NASA asked the National Research Council (NRC) Committee on Toxicology to develop guidelines, similar to those developed by the NRC in 1992 for airborne substances, for examining the likelihood of adverse effects from water contaminants on the health and performance of spacecraft crews. In this report, the Subcommittee on Spacecraft Water Exposure Guidelines (SWEGs) examines what is known about water contaminants in spacecraft, the adequacy of current risk assessment methods, and the toxicologic issues of greatest concern.
In this report, the Subcommittee on Exposure Guidance Levels for Selected Hydrofluorocarbons of the National Research Council's (NRC 's) Committee on Toxicology independently reviews the scientific validity of the Navy's proposed 1-hr and 24-hr EEGLs and 90-day CEGLs for two of the candidate refrigerants-HFC-236fa and HFC-404a. In addition, the subcommittee reviews the the EEGLs and CEGL for HFC-23, one of the combustion products of HFC-236fa. This NRC report is intended to aid the Navy in using HFCs safely.
To resolve the disagreement, a two-generation reproductive study in mink was conducted. The Army asked the National Research Council (NRC) to independently evaluate the 1997 study and re-evaluate the drinking-water guideline for DIMP. This task was assigned to the Committee on Toxicology, which established the Subcommittee on the Toxicity of Diisopropyl Methylphosphonate, a multidisciplinary group of experts. The subcommittee evaluated the two-generation reproductive study as well as other studies relevant to the task. Data on the use of mink as a predictive model in toxicology were also reviewed. Re-Evaluation of Drinking-Water Guidelines for Diisopropyl Methylphosphonate is the subcommittee's report which shows that neither party was corrected in their DIMP guidelines. The report includes the subcommittee's evaluation and recommendations concerning the topic.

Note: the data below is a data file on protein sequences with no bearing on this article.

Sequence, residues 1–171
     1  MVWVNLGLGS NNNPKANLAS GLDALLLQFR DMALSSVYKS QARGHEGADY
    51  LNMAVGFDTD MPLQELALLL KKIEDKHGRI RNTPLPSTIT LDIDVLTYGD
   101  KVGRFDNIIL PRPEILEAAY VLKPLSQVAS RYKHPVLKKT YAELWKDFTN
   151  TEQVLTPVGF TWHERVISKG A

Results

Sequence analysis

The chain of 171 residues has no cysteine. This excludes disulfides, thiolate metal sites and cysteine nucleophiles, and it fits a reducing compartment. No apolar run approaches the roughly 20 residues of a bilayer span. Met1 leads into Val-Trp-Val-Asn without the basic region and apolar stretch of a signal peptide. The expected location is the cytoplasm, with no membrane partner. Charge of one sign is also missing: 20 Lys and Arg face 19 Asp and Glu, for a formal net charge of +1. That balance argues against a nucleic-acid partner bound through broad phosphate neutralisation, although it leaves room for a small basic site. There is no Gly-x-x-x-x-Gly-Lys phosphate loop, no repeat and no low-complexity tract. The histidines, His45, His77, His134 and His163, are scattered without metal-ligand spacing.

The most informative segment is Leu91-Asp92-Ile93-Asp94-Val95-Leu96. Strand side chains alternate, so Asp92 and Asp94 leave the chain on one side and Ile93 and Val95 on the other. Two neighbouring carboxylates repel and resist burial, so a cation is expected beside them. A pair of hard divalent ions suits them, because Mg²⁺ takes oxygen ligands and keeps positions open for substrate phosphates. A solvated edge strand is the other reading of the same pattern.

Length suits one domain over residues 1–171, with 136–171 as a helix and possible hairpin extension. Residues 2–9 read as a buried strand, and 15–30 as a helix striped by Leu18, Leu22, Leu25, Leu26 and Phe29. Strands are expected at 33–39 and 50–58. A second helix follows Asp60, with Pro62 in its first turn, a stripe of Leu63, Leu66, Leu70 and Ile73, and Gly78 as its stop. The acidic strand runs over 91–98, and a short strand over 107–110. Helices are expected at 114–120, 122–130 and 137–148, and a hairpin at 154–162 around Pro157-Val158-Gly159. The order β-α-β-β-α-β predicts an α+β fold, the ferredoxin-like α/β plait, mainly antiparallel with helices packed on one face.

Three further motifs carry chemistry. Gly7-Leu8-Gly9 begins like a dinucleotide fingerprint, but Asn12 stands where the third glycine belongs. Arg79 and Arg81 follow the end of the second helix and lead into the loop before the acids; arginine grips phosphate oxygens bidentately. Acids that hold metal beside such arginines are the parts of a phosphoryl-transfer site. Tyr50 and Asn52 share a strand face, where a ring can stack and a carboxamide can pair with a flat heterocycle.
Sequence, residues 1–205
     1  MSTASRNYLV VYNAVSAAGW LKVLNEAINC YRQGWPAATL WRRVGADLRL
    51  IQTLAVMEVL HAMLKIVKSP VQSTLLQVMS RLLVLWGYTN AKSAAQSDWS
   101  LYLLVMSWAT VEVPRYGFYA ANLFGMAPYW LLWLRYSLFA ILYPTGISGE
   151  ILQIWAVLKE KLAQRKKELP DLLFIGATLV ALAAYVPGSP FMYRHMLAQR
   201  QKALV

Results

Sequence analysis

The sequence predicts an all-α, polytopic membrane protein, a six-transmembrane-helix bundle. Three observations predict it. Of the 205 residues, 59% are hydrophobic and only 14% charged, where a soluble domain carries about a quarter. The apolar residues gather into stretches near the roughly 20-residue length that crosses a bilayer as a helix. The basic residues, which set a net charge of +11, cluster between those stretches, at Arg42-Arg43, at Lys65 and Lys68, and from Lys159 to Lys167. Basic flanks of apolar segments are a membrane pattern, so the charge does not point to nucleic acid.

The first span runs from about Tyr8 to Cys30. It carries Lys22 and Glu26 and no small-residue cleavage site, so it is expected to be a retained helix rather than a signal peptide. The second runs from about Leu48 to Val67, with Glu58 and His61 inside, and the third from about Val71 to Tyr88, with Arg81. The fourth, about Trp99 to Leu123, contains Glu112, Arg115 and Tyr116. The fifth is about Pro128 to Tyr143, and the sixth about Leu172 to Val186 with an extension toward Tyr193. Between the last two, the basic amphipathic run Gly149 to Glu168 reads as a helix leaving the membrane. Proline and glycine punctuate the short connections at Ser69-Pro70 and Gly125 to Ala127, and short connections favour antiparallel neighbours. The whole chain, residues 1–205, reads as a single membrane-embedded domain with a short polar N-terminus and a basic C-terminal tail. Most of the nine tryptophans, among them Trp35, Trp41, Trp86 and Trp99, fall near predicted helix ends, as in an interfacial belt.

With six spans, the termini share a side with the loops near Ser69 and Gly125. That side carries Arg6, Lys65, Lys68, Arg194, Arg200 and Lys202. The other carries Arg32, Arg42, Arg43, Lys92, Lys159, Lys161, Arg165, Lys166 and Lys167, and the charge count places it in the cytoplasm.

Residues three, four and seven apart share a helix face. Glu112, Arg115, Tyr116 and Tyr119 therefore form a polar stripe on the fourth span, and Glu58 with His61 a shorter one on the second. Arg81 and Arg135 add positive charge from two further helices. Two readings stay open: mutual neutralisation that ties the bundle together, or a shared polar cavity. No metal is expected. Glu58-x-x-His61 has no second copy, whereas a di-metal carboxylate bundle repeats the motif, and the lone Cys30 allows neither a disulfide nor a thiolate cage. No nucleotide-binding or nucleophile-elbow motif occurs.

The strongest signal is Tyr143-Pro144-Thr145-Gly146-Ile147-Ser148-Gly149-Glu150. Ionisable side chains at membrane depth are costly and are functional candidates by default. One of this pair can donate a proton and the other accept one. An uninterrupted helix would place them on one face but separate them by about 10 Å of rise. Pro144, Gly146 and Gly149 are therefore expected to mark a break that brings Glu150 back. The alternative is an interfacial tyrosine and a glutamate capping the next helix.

The committee discusses what is known from research about teaching for mathematics proficiency, focusing on the interactions between teachers and students around educational materials and how teachers develop proficiency in teaching mathematics.
Violence and related forms of abuse against elders is a global public health and human rights problem with far-reaching consequences, resulting in increased death, disability, and exploitation with collateral effects on well-being. Data suggest that at least 10 percent of elders in the United States are victims of elder maltreatment every year. In low- and middle-income countries, where the burden of violence is the greatest, the figure is likely even higher. In addition, elders experiencing risk factors such as diminishing cognitive function, caregiver dependence, and social isolation are more vulnerable to maltreatment and underreporting. As the world population of adults aged 65 and older continues to grow, the implications of elder maltreatment for health care, social welfare, justice, and financial systems are great. However, despite the magnitude of global elder maltreatment, it has been an underappreciated public health problem. Elder Abuse and Its Prevention discusses the prevalence and characteristics of elder abuse around the world, risk factors for abuse and potential adverse health outcomes, and contextually specific factors, such as culture and the role of the community.